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Re: Eclair Cameras: T-max versus 7245

I really wasn't meaning to be overly pedantic; I'm sure not everyone on the
list is equally familiar with how the stocks work.

At any rate, color "ghost" grain looks different than B&W grain, and Kodak's
current B&W stocks look much grainier than equivalent-speed Vision stocks,
whether printed or telecine'd.  I think we'd all be delighted if Kodak would
make up some T-Max b&w stock in 16mm.  I would like to compare it.

Has anyone seriously tested the Ilford 16mm B&W stock?


From: Leo Vale <leoavale@yahoo.com>
Reply-To: EclairACL@topica.com
Date: Tue, 27 May 2003 11:05:08 -0700 (PDT)
To: EclairACL@topica.com
Subject: Re: Eclair Cameras: T-max versus 7245

--- Julian Williamson <julian3rd@earthlink.net> wrote:
I find it doubtful that any b&w emulsion would be
less "grainy" than color,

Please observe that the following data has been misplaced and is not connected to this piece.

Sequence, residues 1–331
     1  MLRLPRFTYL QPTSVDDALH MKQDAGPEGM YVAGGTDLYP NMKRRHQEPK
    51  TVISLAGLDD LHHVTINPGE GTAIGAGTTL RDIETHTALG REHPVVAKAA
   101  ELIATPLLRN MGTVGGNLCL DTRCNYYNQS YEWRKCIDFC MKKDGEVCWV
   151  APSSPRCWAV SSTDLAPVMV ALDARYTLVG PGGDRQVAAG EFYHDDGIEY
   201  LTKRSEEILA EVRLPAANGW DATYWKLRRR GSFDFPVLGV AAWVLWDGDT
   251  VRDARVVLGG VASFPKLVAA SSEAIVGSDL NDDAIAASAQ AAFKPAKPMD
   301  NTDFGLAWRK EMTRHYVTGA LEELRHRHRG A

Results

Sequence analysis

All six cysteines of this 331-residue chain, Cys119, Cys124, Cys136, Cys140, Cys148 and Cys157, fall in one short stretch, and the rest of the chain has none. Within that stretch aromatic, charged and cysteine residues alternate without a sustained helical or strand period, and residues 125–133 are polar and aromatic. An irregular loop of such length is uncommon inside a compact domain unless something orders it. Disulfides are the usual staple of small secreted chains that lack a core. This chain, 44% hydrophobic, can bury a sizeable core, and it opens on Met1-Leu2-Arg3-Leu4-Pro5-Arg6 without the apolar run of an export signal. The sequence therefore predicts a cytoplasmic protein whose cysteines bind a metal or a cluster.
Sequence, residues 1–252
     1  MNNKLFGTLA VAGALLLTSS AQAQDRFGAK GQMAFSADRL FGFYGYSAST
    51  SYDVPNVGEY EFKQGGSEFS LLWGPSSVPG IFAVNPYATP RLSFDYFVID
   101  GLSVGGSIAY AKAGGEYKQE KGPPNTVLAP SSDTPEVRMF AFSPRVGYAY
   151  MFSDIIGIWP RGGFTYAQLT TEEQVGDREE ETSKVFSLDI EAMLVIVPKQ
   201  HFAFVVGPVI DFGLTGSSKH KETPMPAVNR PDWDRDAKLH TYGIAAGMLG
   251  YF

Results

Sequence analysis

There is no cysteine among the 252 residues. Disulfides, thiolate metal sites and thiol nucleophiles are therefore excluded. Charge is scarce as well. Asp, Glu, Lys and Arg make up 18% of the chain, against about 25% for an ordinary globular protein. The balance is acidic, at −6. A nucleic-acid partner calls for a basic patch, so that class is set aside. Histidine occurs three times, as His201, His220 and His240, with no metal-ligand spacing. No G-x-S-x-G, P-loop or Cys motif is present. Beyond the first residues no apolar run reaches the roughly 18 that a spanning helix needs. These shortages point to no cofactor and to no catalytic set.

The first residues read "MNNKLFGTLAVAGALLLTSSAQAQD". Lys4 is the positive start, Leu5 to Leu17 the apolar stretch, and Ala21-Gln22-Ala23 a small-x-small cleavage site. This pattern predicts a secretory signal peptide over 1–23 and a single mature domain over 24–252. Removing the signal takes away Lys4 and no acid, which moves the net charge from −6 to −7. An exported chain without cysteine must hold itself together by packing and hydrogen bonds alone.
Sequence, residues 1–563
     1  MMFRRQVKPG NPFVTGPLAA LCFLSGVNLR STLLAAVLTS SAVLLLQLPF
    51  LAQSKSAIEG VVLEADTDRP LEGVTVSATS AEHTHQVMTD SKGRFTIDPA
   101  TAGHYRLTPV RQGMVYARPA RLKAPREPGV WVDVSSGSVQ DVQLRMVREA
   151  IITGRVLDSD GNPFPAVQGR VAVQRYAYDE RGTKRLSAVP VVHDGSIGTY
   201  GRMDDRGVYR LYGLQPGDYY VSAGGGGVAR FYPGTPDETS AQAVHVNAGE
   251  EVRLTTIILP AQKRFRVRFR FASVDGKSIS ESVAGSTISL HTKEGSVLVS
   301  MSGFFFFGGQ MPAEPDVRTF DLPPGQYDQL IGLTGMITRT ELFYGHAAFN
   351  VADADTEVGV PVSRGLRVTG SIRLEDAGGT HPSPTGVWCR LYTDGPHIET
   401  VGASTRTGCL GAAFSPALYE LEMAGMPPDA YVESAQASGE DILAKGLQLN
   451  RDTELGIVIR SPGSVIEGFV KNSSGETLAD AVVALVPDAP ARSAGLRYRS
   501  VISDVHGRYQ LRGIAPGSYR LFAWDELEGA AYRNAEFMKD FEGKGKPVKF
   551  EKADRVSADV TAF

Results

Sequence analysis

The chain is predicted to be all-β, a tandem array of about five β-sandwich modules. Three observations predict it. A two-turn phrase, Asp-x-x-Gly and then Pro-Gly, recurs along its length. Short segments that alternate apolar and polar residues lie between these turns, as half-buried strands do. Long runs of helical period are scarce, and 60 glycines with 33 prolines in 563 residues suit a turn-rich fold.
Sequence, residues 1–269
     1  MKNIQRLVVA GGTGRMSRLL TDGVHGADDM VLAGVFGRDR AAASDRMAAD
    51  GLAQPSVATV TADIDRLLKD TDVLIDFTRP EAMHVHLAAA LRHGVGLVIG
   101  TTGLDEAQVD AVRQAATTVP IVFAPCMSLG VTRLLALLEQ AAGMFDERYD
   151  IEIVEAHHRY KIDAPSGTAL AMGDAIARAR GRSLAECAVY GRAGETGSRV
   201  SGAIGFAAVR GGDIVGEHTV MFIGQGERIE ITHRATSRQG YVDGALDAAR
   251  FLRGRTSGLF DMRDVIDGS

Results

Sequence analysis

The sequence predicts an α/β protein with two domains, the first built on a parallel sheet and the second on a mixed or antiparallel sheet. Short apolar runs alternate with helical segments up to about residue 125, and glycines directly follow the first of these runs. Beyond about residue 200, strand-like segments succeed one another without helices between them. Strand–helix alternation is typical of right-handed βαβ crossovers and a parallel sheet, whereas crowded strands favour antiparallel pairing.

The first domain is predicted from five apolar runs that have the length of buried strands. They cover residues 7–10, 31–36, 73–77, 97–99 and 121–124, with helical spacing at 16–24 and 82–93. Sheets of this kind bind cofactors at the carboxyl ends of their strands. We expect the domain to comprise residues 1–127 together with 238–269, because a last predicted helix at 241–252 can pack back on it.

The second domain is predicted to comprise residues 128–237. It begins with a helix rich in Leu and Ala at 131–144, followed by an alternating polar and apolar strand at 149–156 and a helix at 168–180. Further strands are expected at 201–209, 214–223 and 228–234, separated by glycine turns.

primarily because in B&W, the silver halide crystals
remain in the emulsion,
whereas in color the crystals are used to activate a
dye (which makes up the
image) and the actual silver halide is then washed
away in the bleach stage
of color processing -- thus, there are no actual
"grains" but the remnants
of them left in color emulsions.

---Yes, but that's being overly pedantic.
When those silver grains are bleached out of the
emulsion, the blobs of dye left behind take the form
of the silver grain that vanished.  Maybe the dye will
bleed a little, but that dye blob will look like

In a print what we perceive as grain is actually the
space between the grains.  At that point, there's no
practical difference real grain and color ghost grain.

--- LV

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